Saturday, November 17, 2007
Henry, I talk to you a lot about heroes. You are one. Amy Frohnmayer is one. Her mom, Lynn, and her dad, Dave, are heroes too.
This is a letter Amy wrote for her parents to send to their friends.
“Do what you can, where you are, with what you have.”
Last year, my mother sent me the simple quotation above. It¹s taped onto the wall opposite my bed and I read it every day. Mom sent this at a time when I was having trouble concentrating due to a drop in my red blood count. I had never before felt quite so fragile, maybe even a little defeated by Fanconi anemia (FA). I spent hours on homework that previously had taken little time to finish, and I couldn¹t escape on long runs because I didn¹t have the energy. That period of time last winter reinforced a sense of uncertainty that FA instilled in me from a young age.
I have always known that I have FA and from early on, I experienced heartbreaking losses that never let me forget the destructive power of this illness. I was four when my sister Katie died, and eleven when I lost my sister Kirsten. Over the years I have also lost many close friends to FA whom I met at our summer family meetings and grew to care about deeply.
Long ago, I assumed I would need a bone marrow transplant while I was still young, because I would be strong and my chances of making it through that strenuous procedure would be better. The decision to have a transplant, however, should be based on a severe deterioration in my health. I always thought this would happen soon, but I remained healthy. Although I have been incredibly lucky, I have never known when my health would take a serious turn and I would need to go to transplant. As I grew older, I feared more and more this sudden and inevitable interruption and I felt powerless to predict it.
As frightening as all of this has been to me, I am well aware of the enormous progress that has taken place in Fanconi anemia research. For these advances, I feel deeply grateful to the Fanconi Anemia Research Fund, which has supported the work of experts around the world. I am especially thankful for the wonderful donors who have made this possible.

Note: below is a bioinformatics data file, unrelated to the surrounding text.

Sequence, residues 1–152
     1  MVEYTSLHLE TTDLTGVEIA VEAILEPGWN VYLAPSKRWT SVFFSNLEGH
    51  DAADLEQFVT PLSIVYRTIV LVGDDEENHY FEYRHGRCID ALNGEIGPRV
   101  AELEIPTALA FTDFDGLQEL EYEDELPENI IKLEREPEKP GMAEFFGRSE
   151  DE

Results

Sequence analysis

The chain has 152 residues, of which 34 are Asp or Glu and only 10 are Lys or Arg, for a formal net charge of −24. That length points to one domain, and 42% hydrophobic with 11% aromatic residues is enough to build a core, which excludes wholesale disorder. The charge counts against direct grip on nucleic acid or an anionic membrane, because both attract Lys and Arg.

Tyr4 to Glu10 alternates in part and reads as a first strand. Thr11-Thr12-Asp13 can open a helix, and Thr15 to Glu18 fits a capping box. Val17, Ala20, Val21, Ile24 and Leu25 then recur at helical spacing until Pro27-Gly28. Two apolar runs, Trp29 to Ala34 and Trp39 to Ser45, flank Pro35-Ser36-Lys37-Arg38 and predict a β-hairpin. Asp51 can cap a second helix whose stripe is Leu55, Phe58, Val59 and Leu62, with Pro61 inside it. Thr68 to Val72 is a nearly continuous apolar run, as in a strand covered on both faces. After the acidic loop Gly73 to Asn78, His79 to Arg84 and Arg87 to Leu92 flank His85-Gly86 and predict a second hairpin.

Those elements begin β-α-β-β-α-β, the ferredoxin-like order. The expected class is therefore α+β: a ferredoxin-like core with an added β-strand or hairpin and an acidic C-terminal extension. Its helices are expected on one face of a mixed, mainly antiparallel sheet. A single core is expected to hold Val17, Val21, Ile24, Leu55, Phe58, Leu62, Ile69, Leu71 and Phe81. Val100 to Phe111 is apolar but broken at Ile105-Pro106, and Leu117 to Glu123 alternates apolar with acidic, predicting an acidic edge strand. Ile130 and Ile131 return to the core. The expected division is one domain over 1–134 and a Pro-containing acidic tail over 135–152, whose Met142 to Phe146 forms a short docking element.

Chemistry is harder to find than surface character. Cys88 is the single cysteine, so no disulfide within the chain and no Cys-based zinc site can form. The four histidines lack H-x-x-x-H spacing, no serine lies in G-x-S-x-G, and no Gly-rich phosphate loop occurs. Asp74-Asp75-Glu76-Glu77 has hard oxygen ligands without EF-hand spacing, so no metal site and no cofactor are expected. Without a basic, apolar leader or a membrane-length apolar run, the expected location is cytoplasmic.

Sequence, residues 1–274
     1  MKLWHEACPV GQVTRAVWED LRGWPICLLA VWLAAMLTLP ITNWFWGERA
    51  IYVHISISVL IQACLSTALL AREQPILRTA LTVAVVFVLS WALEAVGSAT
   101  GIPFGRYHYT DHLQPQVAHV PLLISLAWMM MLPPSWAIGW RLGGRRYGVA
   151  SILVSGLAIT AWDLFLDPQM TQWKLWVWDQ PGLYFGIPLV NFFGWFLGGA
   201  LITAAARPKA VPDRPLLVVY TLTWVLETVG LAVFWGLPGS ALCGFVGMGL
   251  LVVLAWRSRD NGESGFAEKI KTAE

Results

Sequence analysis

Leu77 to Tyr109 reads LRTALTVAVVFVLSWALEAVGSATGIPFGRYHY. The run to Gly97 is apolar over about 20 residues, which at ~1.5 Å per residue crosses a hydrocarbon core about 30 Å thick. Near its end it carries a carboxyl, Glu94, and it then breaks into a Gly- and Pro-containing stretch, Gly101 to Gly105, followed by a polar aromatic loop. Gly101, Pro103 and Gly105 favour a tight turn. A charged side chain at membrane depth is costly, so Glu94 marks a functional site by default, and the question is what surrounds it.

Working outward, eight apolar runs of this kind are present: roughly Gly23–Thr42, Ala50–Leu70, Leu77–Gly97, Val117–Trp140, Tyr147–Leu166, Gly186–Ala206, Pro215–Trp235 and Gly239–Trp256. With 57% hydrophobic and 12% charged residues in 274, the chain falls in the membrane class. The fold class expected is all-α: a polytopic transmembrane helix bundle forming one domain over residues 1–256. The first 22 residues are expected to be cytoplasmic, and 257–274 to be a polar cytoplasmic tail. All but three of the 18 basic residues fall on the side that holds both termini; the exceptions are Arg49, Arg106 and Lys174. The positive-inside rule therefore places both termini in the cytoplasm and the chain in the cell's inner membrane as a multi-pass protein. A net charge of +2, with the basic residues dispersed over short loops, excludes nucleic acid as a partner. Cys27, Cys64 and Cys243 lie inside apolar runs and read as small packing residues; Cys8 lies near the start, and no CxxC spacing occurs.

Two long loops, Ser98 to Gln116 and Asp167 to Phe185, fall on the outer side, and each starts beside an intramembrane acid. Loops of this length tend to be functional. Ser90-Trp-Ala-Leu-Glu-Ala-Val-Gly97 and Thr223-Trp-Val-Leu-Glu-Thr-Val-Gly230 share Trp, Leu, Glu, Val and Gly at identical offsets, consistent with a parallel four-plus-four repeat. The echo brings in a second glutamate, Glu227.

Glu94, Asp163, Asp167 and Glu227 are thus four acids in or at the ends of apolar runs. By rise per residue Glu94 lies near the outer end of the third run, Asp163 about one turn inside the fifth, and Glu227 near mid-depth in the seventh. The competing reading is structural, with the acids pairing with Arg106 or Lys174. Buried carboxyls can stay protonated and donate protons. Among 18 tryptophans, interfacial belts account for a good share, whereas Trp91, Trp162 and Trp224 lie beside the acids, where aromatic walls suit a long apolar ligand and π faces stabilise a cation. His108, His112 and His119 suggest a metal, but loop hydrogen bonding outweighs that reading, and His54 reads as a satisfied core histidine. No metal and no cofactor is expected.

Whenever I am able, I attend research presentations at family meetings and speak directly with bone marrow transplant experts. The consistent and rapid advances in this field are incredibly exciting and merely thinking about this progress gives me hope. Just last August, I learned that twelve out of thirteen FA patients are now surviving a new bone marrow transplant protocol for those with unrelated and mismatched donors. I learned about the potential of treating patients with healthy adult stem cells. Doctors spoke about new methods for detecting pre-cancerous cells in patients, so that cancer can be identified and treated very early. Doctors are concentrating on all facets of this complex and devastating disease, working to make long and full lives a reality for all of us who share it.
FA has been the source of tremendous pain, but has also been a surprisingly strong positive in my life. It has shaped my personality, goals and interests, and forced me to grow in important ways. FA is imprinted in all of my activities, from being a grief counselor for children and an intern with a children¹s hospital, to writing articles about the psychosocial aspects of living with a genetic illness, and to my long-term goal to become a genetic counselor.
To live with FA is to learn to value life in a different way. FA reminds me to try to appreciate every minute of the day, to treasure my close friends and family, and to immerse myself in the college learning experience.
Now, as I begin my junior year in college, I want to do all that I can to find a cure for this disease. Since last spring, my health has improved, and I have the energy to help make this dream a reality. I¹m writing to ask for your help by donating to the Fanconi Anemia Research Fund. And I am writing now because there might be a time when I can¹t, and because at this moment, it is something I can do with all the passion I have.
Thank you so much for your support. It honestly means the world to me.